Comparison of polynomial approximations to speed up planewave-based quantum Monte Carlo calculations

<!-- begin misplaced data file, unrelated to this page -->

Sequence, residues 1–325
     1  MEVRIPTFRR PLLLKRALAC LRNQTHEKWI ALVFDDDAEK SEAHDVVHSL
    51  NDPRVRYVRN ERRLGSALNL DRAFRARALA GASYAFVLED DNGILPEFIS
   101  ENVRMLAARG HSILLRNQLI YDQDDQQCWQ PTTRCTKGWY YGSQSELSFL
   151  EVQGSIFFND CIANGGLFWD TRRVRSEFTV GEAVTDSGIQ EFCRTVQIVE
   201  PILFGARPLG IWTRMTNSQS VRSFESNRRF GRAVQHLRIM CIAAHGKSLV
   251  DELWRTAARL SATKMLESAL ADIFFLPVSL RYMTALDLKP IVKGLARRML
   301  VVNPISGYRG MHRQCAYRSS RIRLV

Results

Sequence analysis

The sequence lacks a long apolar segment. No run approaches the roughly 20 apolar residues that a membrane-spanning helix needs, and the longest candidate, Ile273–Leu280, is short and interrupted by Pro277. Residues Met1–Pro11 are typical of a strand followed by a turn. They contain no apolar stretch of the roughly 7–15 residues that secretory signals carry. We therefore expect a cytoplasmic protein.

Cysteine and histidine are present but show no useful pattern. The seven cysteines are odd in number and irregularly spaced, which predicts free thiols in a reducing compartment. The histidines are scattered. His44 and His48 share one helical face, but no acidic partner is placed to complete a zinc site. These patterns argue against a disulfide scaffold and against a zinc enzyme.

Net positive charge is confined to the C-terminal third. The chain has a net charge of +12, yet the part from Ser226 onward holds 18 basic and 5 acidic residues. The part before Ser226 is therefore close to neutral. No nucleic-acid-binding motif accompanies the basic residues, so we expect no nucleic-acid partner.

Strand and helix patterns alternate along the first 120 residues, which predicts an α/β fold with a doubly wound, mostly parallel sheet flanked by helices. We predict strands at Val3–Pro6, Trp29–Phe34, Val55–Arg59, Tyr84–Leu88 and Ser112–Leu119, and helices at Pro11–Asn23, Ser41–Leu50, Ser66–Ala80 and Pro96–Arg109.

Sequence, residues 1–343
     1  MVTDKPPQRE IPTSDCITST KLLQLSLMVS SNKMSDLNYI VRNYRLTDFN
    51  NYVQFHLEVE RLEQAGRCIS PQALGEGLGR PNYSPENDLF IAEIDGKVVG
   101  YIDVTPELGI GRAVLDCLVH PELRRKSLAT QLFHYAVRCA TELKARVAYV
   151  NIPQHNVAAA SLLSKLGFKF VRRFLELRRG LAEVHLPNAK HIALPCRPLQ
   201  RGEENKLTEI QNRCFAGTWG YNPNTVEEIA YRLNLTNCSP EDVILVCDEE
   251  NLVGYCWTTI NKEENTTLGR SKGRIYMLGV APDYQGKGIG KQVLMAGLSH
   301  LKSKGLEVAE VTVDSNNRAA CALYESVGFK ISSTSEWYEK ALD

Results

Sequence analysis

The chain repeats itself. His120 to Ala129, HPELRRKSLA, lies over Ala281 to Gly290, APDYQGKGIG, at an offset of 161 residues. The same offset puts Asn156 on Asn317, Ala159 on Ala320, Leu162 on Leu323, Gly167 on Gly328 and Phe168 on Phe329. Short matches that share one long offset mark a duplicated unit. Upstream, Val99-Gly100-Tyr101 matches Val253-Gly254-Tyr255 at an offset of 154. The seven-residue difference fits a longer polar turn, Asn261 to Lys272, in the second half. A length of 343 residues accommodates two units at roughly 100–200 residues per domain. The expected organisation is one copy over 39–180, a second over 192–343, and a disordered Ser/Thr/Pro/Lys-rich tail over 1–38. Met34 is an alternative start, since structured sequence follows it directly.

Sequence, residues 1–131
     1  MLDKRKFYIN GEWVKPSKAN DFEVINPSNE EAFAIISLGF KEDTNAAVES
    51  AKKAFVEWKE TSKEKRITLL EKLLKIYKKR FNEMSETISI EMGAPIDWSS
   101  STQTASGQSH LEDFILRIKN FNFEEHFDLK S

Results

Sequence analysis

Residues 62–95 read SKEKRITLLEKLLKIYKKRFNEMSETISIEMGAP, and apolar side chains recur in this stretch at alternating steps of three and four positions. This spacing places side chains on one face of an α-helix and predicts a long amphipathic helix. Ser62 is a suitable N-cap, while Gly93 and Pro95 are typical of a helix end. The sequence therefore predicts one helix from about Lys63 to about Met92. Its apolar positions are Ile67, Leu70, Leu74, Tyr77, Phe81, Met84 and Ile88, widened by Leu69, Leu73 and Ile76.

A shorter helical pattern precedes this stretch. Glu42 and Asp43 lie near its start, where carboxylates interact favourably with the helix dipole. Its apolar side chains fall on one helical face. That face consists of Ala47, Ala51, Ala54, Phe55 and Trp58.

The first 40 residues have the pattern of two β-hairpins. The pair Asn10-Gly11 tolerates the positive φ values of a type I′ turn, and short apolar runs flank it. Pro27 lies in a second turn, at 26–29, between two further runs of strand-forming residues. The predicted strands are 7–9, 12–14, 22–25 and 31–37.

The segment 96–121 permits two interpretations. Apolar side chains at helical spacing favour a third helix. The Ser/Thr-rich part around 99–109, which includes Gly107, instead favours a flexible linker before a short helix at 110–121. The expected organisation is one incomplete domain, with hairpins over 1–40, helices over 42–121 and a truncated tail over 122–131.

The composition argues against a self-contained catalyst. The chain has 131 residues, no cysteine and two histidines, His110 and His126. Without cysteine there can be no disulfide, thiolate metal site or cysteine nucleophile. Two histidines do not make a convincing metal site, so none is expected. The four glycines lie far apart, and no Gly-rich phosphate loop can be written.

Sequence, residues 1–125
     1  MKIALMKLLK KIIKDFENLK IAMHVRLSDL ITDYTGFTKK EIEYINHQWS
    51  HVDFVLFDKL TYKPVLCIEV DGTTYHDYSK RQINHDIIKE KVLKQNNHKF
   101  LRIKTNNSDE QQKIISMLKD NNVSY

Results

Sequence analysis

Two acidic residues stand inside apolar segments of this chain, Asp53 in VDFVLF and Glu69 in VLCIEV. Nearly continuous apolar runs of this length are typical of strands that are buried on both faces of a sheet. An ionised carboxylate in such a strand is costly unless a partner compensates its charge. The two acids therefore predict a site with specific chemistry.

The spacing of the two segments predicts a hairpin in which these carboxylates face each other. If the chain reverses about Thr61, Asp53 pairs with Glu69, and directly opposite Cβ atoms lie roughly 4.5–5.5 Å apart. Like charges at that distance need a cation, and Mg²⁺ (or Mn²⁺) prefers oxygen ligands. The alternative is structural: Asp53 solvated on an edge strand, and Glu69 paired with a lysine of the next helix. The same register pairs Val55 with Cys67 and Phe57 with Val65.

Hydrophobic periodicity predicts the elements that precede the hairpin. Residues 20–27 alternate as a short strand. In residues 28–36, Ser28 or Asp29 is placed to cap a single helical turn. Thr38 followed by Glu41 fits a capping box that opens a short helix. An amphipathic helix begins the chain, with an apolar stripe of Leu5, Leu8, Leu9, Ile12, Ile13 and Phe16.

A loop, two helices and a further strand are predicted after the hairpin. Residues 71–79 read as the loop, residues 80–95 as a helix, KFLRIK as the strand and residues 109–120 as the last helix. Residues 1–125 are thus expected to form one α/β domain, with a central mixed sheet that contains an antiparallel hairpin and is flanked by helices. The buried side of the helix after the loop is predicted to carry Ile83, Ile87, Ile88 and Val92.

The computational cost of quantum Monte Carlo (QMC) calculations of realistic periodic systems depends strongly on the method of storing and evaluating the many-particle wave function. Previous work by Williamson et al. (2001)  and AlfÃ¨ and Gillan, (2004)  has demonstrated the reduction of the O(N3) cost of evaluating the Slater determinant with planewaves to O(N2) using localized basis functions. We compare four polynomial approximations as basis functions - interpolating Lagrange polynomials, interpolating piecewise-polynomial-form (pp-) splines, and basis-form (B-) splines (interpolating and smoothing). All these basis functions provide a similar speedup relative to the planewave basis. The pp-splines have eight times the memory requirement of the other methods. To test the accuracy of the basis functions, we apply them to the ground state structures of Si, Al, and MgO. The polynomial approximations differ in accuracy most strongly for MgO, and smoothing B-splines most closely reproduce the planewave value for of the variational Monte Carlo energy. Using separate approximations for the Laplacian of the orbitals increases the accuracy sufficiently to justify the increased memory requirement, making smoothing B-splines, with separate approximation for the Laplacian, the preferred choice for approximating planewave-represented orbitals in QMC calculations. Â© 2015 Elsevier Inc.